by Terry L. Myers, DDS, FAGD
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In our recovering economy, current tax breaks provide dental practitioners the opportunity to improve life for patients and the practice. My investments in technology, such as digital intraoral X–ray and 3–D imaging, have differentiated my practice from the competition. Before embarking on these practice–building purchases, it is important to discuss the budget with the hero of this month's column, your CPA, who can figure out ways to make your investments work for you, especially during tax time.
Recent government incentives, such as the 2008 Economic Stimulus Act, can recoup some of the cost of these new systems. Alan Jones, my CPA, explains that Section 179 allows the taxpayer to deduct 100% of a portion of an asset acquisition up to $250,000 for the year it was placed into service. Jones notes, “Before this incentive, a business recovered some of the cost for this tangible personal property by depreciating it over five or seven years.” However, some limitations exist. “You can't Section 179 yourself into a loss,” says Jones, meaning that your deduction cannot exceed your business' taxable income. Also, the total annual purchases cannot exceed $800,000, or the amount deducted is reduced.
Another type of deduction, called bonus depreciation, is targeted to start–up practices that are not yet experiencing a profit. Depending upon the state, fledgling businesses can deduct 50% of the purchase price of the equipment up–front, and in some cases still qualify for the standard deduction for the year as well.
“This type of deduction doesn't phase out over $800,000, so if you are buying equipment for setting up a big clinic, you can still get the bonus depreciation and recoup quite a sum up–front and write off the rest over the life of the equipment for three, five, or seven years, depending on the equipment,” says Jones.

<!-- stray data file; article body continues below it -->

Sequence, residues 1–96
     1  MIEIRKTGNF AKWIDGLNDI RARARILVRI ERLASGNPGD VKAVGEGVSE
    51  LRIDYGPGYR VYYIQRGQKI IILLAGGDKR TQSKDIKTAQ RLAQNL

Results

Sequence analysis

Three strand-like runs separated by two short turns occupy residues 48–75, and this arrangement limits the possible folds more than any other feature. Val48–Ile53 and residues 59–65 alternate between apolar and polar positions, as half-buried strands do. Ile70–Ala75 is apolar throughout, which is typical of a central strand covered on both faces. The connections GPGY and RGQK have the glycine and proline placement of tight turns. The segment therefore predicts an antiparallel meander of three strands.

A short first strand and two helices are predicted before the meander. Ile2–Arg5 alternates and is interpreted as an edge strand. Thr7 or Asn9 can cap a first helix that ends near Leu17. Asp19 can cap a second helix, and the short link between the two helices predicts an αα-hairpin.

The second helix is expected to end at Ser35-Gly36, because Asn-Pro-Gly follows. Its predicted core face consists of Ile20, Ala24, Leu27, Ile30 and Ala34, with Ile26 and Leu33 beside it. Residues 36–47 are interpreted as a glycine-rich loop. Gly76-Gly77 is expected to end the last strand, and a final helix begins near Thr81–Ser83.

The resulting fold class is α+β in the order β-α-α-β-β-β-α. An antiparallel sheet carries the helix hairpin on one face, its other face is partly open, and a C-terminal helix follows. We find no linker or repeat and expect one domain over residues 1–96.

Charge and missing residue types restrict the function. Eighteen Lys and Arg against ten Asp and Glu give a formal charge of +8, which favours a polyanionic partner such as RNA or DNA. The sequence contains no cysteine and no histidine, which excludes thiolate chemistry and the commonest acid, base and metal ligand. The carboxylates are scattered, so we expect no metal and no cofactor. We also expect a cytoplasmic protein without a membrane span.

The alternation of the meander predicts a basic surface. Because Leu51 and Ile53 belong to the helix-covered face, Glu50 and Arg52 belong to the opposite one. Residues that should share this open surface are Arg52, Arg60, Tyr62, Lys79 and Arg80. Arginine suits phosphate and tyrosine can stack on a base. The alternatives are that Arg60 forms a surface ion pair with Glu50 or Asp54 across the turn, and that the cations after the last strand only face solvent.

In some cases, deductions have the potential to produce a financially beneficial “loss scenario.” Jones says, “If the deductions reduce their income enough, some could requalify for incentives that they would not be entitled to during other years.”
Through careful planning with your CPA, depending on the person's income from past employment before opening the new business, Jones says that these deductions have allowed some people to qualify for financial incentives like tuition credits for their children, or other tax credits because of their reduced income.
“If you don't take these deductions and your income is high, you could lose those other credits,” says Jones.
Tax deductions are tied to Adjusted Gross Income, which is total income from taxable sources minus certain deductions. Certain deductions such as Section 179 may only be available during a specific time period. That's why it is imperative to discuss possible deduction sources such as Section 179 with your tax preparer.
Tax benefits are also contingent upon your business' entity, such as sole proprietorship, limited liability corporations, or sub S or sub C corporations.
“While state law determines the type of entity, how the entity is taxed is under federal auspices,” says Jones, “so the process is often involved and complex.”
Alan Jones, who practices in Raymore, Mo., has been my friend since high school and my CPA since a year before I started my dental practice. His grasp of current deductions has given me the confidence to grow my practice. My DEXIS and Gendex imaging systems have improved patient care and treatment acceptance, and my CPA's knowledge has saved me significant money. These incentives will sunset within a short time; so let your CPA shed some light on your budget to keep April 15 from being so taxing this year.
Dr. Terry L. Myers is a fellow in the Academy of General Dentistry and a member of the Academy of Cosmetic Dentistry and the Dental Sleep Disorder Society. He has a private practice in Belton, Mo. You may contact Dr. Myers by e–mail at office@keystone–dentistry.com.